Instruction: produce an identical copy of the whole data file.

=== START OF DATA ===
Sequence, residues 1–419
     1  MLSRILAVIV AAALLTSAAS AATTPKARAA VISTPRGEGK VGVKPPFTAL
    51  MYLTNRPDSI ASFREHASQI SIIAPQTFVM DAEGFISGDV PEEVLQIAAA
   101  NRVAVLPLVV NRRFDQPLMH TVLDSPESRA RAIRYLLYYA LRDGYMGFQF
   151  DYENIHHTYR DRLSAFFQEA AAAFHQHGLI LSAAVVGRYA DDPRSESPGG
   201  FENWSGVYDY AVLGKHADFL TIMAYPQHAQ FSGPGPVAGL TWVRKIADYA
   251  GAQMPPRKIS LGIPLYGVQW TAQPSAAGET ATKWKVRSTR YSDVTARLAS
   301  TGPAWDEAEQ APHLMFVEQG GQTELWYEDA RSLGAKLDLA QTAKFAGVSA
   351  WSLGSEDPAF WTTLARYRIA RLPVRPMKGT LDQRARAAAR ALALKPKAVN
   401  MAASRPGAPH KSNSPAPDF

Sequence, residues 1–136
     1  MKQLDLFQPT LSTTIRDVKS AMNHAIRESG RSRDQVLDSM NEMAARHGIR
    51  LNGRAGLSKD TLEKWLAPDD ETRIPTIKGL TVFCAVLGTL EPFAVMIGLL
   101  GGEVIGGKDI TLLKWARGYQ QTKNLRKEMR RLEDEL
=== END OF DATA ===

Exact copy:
Sequence, residues 1–419
     1  MLSRILAVIV AAALLTSAAS AATTPKARAA VISTPRGEGK VGVKPPFTAL
    51  MYLTNRPDSI ASFREHASQI SIIAPQTFVM DAEGFISGDV PEEVLQIAAA
   101  NRVAVLPLVV NRRFDQPLMH TVLDSPESRA RAIRYLLYYA LRDGYMGFQF
   151  DYENIHHTYR DRLSAFFQEA AAAFHQHGLI LSAAVVGRYA DDPRSESPGG
   201  FENWSGVYDY AVLGKHADFL TIMAYPQHAQ FSGPGPVAGL TWVRKIADYA
   251  GAQMPPRKIS LGIPLYGVQW TAQPSAAGET ATKWKVRSTR YSDVTARLAS
   301  TGPAWDEAEQ APHLMFVEQG GQTELWYEDA RSLGAKLDLA QTAKFAGVSA
   351  WSLGSEDPAF WTTLARYRIA RLPVRPMKGT LDQRARAAAR ALALKPKAVN
   401  MAASRPGAPH KSNSPAPDF

Sequence, residues 1–136
     1  MKQLDLFQPT LSTTIRDVKS AMNHAIRESG RSRDQVLDSM NEMAARHGIR
    51  LNGRAGLSKD TLEKWLAPDD ETRIPTIKGL TVFCAVLGTL EPFAVMIGLL
   101  GGEVIGGKDI TLLKWARGYQ QTKNLRKEMR RLEDEL